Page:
"Like the Wild West" -- that's how Dave Rettig, a senior manager in the strategy and technology alignment group at Raymond James Financial Inc., describes the firm's first implementation of SharePoint 2003. "It was a free-for-all. Everyone just sort of jumped in," Rettig says.
SharePoint is Microsoft Corp.'s software for collaboration, file sharing and Web publishing. "People saw it as just another file server," Rettig says, "and it ended up like someone's garage or attic."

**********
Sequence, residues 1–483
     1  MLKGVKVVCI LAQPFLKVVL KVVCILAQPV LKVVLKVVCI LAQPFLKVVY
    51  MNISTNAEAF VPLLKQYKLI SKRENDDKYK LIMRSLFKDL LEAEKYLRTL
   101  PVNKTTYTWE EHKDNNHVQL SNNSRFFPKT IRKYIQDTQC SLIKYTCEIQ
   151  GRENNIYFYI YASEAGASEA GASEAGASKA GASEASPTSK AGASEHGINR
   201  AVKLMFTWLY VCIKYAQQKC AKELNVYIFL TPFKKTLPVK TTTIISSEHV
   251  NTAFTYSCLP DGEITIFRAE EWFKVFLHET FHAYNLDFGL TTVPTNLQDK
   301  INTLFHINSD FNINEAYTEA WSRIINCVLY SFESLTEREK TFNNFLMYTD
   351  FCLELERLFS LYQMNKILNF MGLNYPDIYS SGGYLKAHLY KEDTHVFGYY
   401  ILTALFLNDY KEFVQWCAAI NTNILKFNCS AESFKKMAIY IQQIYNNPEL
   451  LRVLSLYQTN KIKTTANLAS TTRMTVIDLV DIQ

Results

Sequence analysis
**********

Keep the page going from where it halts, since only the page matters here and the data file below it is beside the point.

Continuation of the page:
So when SharePoint 2007 came out, a steering group that included Rettig decided to take some control. Instead of automatically upgrading, the group did so manually, porting just 10% of the earlier version's content to the new platform. It also required a "steward" and a backup person for each team's content site.
You're viewing Insider content